Senior white executives at the organisation, which is the British government’s cultural arm abroad, have been accused of discriminating against BAME Kenyan-born staff, particularly as they were selected and assessed for redundancy.
A letter that claims to represent seven current and former staff members sparked the inquiry in July when it was sent to the British Council as well as the Kenyan authorities.
It says: “The cases underline a repeated practice by white members of staff to constantly assign Kenyans as underperformers, inadequate, unskilled, unprofessional, and suspects as the organisation abuses its procedures and systems to validate its discriminative practice.”
Five of the seven accusers claim they were discriminated against during a redundancy process that they say favoured white colleagues. The allegations come amid cuts in central government funding for the British Council as well as a shortfall of income related to the Covid-19 pandemic.
The British Council, known as the UK government’s main instrument of soft power, launched an inquiry into the claims in September and says it takes racism claims seriously. It claims it is still waiting for all of the complainants to come forward with evidence and has queried some of the claims in the initial letter.
One of the complainants who was made redundant said he would not cooperate with the inquiry because it was too narrow in scope to include earlier allegations.
Apollo Edewa, 33, a former programme manager at the office in Nairobi for five years until February, said staff believed the organisation gave much greater weight to white people’s opinions compared with black people and now wants to tailor the inquiry to justify its prejudices.
He said: “The British Council says it will only investigate these allegations if we allow them to manage the complaints process and select the cases to be investigated. But many former and current employees believe that there is a racist culture in the organisation which goes back many years. White people’s opinions are given more weight than black people from Kenya.”
Many of the claims revolve around a recent redundancy programme implemented after a shortfall in income after government cuts to the aid budget.
Allegations outlined in the letter include:
A programme manager who worked at the British Council from August 2014 to 2019 who claimed they were put at risk of redundancy without adequate explanation.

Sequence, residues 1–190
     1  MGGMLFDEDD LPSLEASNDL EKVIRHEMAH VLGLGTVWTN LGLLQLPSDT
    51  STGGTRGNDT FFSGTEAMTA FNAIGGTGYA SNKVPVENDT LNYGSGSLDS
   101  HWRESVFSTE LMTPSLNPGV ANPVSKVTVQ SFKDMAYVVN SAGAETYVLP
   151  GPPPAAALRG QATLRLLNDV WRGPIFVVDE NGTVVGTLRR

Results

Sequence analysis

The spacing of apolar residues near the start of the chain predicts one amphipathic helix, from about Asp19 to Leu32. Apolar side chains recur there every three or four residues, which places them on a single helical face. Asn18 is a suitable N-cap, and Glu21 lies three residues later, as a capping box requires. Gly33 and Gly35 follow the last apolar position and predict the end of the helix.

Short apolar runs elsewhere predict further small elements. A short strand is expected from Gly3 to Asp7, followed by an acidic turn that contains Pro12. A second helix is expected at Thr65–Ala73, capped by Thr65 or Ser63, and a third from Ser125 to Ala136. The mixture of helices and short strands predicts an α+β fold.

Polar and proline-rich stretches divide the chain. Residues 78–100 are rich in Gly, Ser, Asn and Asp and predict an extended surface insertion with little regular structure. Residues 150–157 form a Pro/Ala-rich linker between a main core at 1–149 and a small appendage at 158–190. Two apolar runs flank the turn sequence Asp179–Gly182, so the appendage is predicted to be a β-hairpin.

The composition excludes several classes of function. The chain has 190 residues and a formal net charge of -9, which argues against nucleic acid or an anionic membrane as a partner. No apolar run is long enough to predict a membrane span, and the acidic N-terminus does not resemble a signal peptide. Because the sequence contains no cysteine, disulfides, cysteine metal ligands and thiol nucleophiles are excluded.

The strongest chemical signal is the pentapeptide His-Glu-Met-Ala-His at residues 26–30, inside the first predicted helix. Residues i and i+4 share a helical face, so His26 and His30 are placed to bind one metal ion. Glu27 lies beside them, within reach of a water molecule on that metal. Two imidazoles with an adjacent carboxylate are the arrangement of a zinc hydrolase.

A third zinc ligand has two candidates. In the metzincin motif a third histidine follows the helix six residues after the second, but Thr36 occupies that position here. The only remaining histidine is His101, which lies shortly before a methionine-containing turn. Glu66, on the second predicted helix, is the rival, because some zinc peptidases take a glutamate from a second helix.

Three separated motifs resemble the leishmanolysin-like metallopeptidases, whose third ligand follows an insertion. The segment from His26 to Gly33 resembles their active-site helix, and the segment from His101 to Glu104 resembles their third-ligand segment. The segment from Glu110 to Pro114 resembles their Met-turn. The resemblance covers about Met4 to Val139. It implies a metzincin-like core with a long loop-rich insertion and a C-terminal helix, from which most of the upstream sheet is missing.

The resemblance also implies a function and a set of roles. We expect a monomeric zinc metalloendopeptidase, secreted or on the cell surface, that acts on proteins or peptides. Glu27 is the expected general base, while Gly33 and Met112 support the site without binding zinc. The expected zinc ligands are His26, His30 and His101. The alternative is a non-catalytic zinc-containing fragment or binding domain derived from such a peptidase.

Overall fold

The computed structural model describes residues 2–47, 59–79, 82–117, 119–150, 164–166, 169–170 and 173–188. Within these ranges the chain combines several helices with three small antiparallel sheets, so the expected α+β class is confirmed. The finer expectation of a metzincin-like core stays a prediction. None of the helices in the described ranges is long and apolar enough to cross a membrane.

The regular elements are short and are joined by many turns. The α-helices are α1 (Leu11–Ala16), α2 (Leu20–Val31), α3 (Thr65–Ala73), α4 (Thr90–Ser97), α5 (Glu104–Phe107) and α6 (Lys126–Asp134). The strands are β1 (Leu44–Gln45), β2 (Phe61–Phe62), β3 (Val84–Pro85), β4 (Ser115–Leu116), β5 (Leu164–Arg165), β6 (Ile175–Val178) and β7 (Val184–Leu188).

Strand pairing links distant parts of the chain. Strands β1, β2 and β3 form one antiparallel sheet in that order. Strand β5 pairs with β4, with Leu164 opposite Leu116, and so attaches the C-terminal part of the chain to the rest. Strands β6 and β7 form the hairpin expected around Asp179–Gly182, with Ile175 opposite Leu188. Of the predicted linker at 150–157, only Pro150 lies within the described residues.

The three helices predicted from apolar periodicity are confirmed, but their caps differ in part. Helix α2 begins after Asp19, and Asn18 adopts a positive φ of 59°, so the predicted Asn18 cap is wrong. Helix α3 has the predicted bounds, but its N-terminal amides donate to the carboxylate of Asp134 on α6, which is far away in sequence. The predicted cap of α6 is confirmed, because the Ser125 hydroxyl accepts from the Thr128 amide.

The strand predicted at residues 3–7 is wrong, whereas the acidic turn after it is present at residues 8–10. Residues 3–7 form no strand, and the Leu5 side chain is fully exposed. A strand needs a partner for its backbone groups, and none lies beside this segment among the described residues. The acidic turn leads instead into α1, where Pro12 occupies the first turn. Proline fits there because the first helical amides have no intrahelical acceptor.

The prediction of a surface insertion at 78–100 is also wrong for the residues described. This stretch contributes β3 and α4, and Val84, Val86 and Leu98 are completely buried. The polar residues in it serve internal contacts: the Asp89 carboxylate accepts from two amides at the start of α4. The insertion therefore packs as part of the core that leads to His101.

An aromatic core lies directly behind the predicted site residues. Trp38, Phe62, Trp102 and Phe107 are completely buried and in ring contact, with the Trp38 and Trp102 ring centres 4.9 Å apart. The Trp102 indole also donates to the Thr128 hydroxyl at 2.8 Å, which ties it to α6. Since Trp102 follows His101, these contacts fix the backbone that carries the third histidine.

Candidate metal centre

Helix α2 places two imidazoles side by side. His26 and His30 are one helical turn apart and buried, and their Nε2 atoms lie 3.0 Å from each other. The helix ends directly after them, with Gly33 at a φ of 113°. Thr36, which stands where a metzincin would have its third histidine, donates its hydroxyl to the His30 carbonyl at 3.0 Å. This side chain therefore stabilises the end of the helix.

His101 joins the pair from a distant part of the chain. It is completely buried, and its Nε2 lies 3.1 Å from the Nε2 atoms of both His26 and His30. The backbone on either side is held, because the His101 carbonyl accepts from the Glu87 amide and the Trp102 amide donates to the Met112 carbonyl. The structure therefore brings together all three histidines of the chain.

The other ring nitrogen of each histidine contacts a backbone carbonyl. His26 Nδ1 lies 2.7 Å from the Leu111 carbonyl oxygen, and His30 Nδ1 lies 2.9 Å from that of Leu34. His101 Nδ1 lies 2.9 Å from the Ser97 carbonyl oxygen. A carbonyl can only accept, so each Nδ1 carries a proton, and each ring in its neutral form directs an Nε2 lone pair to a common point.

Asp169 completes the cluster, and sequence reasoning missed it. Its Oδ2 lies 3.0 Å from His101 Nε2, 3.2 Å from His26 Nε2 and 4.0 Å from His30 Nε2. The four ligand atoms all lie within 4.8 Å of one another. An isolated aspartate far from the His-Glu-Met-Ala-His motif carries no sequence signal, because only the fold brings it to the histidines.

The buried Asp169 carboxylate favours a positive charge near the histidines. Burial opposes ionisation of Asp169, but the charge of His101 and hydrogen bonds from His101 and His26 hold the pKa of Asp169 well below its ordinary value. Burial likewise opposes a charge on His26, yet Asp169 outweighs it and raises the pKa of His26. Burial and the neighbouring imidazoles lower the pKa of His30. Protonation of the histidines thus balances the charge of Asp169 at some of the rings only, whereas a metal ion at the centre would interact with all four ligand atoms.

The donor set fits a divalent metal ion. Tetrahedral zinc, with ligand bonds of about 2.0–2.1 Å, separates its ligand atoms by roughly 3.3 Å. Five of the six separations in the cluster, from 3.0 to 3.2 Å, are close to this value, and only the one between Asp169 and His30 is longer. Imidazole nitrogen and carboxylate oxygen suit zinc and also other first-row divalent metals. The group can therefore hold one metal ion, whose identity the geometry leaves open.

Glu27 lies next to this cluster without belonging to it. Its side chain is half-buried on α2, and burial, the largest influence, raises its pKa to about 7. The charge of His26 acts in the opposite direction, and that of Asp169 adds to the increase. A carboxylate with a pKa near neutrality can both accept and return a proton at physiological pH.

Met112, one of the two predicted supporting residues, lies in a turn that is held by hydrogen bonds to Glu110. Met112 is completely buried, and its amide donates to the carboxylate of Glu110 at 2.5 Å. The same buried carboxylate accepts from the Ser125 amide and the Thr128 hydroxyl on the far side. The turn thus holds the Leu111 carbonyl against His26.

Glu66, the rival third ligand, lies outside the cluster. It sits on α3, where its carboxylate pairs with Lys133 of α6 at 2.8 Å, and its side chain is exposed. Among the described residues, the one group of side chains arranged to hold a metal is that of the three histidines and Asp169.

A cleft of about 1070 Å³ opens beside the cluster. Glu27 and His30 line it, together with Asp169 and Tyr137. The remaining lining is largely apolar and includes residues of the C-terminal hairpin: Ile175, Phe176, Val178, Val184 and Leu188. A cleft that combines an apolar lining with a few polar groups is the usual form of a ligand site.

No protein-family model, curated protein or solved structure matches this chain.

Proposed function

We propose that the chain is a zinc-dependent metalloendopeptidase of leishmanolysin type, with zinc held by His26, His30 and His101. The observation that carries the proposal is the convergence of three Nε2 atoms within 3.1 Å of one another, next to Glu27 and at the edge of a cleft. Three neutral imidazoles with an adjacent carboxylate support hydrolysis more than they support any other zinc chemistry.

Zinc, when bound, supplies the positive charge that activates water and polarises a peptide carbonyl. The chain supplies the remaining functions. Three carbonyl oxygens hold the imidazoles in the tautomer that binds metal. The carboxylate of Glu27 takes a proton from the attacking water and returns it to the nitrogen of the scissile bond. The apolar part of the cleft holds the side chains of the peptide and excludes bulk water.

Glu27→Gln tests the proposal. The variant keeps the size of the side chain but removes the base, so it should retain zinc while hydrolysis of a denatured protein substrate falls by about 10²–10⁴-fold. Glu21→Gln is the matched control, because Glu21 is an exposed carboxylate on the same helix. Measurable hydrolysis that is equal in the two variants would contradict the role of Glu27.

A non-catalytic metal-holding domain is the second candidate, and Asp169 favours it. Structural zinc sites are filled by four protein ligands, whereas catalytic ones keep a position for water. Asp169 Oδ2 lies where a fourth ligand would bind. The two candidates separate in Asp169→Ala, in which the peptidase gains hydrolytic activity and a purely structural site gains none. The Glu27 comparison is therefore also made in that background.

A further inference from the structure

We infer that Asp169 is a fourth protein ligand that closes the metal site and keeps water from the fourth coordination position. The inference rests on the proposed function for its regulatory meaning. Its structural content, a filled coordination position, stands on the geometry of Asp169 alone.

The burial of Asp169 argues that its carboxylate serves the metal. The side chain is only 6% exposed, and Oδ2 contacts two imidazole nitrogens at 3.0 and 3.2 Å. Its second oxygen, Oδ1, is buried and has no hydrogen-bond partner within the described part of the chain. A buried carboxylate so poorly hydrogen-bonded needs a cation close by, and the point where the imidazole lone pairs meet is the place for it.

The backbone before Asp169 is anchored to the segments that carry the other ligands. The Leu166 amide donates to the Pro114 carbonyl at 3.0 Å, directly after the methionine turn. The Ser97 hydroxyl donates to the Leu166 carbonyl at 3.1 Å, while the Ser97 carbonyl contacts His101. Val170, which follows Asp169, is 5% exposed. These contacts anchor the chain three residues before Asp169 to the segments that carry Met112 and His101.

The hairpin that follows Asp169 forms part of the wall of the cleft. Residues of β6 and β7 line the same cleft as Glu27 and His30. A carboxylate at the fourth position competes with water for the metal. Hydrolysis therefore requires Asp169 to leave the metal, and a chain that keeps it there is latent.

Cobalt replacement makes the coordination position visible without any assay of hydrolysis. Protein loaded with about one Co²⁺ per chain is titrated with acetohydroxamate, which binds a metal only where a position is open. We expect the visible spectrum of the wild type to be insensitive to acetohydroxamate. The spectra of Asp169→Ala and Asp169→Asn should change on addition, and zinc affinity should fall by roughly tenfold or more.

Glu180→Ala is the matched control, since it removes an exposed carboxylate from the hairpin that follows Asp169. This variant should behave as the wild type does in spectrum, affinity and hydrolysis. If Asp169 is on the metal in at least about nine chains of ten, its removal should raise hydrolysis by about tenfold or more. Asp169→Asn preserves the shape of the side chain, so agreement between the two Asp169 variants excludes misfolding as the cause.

Another complainant claimed they resigned as a senior official of the Kenyan office’s welfare association after a white executive frustrated efforts to channel staff concerns to the senior leadership team. “Staff have no confidence raising concerns through HR … for fear of being victimised,” the complainant said.
A manager for the professional skills centre in Kenya who claimed they were among a number of black employees who were unfairly targeted for redundancy.
The British Council was founded in 1934 to improve cultural relations and improve social mobility, It generates 85% of its own income, mainly through teaching and examinations, and receives some funding through a government bloc grant.
It is facing substantial job cuts and office closures after income from English-language teaching and exams plummeted during the pandemic.
Regarding the complaints of racism in Kenya, a British Council spokesperson said that they received the letter in July and launched an inquiry in August but were still waiting for all of the complainants to identify themselves. They also pointed out that 98% of employees were locally appointed.
According to the British Council, an individual who recognised details of their case in the letter now says he did not give his consent to be included in the complaint.
The spokesperson said: “The British Council takes all allegations of discrimination, racism, bullying and harassment very seriously. We operate in over 100 countries across the world and our values of equality, diversity and inclusion are at the heart of everything we do.
“On receiving the anonymous letter, we immediately initiated an investigation. This investigation is ongoing, and we are keeping avenues of engagement open with the author of the letter. The author of the letter has not been willing to be interviewed and has not yet provided evidence in support of the allegations.” By Rajeev Syal, Guardian